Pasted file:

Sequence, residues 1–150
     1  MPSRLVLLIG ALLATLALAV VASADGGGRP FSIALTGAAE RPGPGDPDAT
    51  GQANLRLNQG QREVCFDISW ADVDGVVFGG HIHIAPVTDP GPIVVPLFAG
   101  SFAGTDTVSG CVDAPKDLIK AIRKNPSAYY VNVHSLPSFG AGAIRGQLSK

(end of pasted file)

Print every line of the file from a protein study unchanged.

Sequence, residues 1–150
     1  MPSRLVLLIG ALLATLALAV VASADGGGRP FSIALTGAAE RPGPGDPDAT
    51  GQANLRLNQG QREVCFDISW ADVDGVVFGG HIHIAPVTDP GPIVVPLFAG
   101  SFAGTDTVSG CVDAPKDLIK AIRKNPSAYY VNVHSLPSFG AGAIRGQLSK